I intend to end preferential trade status for India, Turkey: Trump

WION Web Team
New Delhi, Delhi, India Published: Mar 05, 2019, 05:55 AM(IST)

File photo of US President Donald Trump with Indian Prime Minister Narendra Modi. Photograph:( Reuters )

Story highlights

India reportedly enjoys preferential tariff on exports worth of nearly $ 5.6 billion under the GSP route out of the total exports of $48 billion in 2017-18.

The United States President Donald Trump intends to terminate the Generalised System of Preferences (GSP) program with India and Turkey, US trade chief's office said on Monday.

GSP is a preferential tariff system extended by developed countries to developing countries, also known as beneficiary countries, to grow their economy. It is a preferential arrangement that allows concessional low/zero tariff imports from 120 designated beneficiary countries and territories. 

Washington "intends to terminate India's and Turkey's designations as beneficiary developing countries under the Generalized System of Preferences (GSP) program because they no longer comply with the statutory eligibility criteria," the Office of the US Trade Representative said in a statement.

The changes cannot take effect for at least 60 days following the notification of Congress as well as the countries affected -- a process Trump began Monday with letters to the speaker of the House of Representatives and the president of the Senate.

Also read: Want 'reciprocal tax' on India to match tariffs on US exports, says Donald Trump

India has failed to provide assurances that it would allow required market access, while Turkey is "sufficiently economically developed" that it no longer qualifies, the statement read.

India, however, "has implemented a wide array of trade barriers that create serious negative effects on United States commerce," the statement said.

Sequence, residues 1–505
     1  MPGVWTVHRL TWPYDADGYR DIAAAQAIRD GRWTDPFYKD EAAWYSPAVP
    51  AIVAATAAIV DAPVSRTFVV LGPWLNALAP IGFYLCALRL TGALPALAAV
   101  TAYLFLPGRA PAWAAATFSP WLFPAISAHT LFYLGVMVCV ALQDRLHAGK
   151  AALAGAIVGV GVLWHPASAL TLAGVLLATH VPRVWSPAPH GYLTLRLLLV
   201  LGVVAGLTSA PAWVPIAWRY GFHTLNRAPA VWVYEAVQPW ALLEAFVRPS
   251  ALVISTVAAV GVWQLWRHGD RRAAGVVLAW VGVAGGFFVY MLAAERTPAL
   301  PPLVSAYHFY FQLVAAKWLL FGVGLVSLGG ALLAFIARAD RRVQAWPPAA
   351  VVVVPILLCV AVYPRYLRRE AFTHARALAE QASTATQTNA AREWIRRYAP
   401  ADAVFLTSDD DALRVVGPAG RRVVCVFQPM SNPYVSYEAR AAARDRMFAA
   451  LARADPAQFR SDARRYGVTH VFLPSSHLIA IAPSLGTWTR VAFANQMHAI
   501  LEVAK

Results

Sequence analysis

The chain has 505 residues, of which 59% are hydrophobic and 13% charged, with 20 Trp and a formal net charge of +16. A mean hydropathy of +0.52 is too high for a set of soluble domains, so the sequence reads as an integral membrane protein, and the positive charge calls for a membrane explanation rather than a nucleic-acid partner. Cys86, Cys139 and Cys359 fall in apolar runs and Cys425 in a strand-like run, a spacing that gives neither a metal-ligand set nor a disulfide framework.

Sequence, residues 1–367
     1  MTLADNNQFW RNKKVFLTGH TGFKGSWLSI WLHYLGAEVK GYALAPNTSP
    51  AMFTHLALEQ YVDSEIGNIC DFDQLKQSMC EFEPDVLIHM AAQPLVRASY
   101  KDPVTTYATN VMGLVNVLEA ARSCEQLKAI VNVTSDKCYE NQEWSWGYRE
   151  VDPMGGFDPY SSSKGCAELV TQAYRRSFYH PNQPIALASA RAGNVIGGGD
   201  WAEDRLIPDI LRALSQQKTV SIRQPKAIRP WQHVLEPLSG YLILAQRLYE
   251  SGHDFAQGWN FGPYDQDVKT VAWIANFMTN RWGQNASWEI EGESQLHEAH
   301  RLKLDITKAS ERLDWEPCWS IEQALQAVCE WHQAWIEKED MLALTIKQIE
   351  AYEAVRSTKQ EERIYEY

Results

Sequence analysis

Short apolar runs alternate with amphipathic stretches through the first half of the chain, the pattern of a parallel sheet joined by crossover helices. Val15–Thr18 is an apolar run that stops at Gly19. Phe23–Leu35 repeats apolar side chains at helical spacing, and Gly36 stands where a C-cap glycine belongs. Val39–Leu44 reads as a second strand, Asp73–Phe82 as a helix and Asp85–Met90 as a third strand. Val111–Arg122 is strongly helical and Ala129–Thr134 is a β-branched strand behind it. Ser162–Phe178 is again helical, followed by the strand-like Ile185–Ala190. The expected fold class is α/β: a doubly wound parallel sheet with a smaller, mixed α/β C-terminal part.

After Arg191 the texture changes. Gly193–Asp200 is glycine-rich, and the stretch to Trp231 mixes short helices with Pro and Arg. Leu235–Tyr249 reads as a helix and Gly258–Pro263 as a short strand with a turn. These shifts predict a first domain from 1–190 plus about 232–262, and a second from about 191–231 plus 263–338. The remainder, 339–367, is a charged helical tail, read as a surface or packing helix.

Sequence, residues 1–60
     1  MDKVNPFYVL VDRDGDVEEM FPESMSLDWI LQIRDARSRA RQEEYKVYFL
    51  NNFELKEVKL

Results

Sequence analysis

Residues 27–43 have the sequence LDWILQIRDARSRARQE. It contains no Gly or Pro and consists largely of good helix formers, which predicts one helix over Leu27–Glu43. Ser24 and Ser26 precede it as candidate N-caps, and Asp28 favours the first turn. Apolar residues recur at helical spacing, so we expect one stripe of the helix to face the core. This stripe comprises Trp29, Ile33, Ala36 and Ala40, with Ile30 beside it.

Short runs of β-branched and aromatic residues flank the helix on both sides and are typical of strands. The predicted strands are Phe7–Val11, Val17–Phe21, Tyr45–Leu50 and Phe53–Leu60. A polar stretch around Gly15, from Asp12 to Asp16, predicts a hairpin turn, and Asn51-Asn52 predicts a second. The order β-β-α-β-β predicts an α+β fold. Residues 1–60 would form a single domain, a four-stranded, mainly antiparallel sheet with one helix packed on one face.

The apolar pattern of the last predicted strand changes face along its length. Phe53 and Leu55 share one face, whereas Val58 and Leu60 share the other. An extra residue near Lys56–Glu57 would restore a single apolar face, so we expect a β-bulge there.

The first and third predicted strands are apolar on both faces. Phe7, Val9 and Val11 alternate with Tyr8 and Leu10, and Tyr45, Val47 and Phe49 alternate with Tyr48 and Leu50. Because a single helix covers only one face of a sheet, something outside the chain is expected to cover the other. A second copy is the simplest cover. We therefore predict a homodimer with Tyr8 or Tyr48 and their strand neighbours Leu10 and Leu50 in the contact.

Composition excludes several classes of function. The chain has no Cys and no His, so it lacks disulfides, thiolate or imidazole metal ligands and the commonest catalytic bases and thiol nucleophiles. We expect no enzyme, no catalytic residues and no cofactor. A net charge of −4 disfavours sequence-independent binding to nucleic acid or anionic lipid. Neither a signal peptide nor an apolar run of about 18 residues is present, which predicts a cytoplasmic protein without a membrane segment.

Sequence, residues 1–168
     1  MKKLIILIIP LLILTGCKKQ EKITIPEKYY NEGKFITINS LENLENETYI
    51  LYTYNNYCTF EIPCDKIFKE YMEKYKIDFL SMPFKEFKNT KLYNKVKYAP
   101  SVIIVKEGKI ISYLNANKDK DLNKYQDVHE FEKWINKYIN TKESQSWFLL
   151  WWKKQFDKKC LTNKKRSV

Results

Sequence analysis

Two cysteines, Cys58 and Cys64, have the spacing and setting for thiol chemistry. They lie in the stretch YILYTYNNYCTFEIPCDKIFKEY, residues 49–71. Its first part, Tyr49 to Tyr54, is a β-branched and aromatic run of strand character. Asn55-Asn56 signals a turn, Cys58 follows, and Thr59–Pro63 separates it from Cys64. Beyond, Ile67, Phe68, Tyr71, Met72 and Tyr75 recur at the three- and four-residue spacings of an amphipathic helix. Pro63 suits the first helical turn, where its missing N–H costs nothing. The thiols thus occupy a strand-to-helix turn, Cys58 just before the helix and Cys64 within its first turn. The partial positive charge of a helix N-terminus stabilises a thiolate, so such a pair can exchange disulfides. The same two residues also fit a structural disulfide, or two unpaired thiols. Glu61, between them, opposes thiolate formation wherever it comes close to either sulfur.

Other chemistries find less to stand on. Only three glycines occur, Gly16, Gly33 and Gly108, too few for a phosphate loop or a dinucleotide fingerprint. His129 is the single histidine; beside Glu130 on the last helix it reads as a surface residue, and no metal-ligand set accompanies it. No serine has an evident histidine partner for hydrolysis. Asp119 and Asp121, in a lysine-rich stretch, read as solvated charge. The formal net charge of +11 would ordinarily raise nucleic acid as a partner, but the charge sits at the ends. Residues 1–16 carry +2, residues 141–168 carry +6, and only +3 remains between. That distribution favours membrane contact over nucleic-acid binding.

The statement also said that Turkey, after being designated a GSP beneficiary in 1975, has meanwhile demonstrated a "higher level of economic development," meaning that it can be "graduated" from the program.

Trump, who has vowed to reduce US trade deficits, has repeatedly called out India for its high tariffs.

The US goods and services trade deficit with India was $27.3 billion in 2017, according to the US Trade Representative's Office.

India is the world's largest beneficiary of the GSP program and ending its participation would be the strongest punitive action against India since Trump took office in 2017.

"I will continue to assess whether the Government of India is providing equitable and reasonable access to its markets, in accordance with the GSP eligibility criteria," the President wrote in the letter sent to Congress.

India reportedly enjoys preferential tariff on exports worth of nearly $ 5.6 billion under the GSP route out of the total exports of $48 billion in 2017-18.

On Saturday as well, Trump accused India of being a "high tariff nation" and threatened to impose "a reciprocal tax" to match heavy duties that New Delhi imposes on goods from the United States.

Addressing the last day of a four-day annual Conservative Political Action Conference (CPAC) in Maryland, the US President said, "India is a very high tariff nation. When we send a motorcycle to India, they charge 100 per cent tariff. When India sends a motorcycle to us, we charge nothing. I want a reciprocal tax, at least I want to charge a tax."

(With inputs from agencies)

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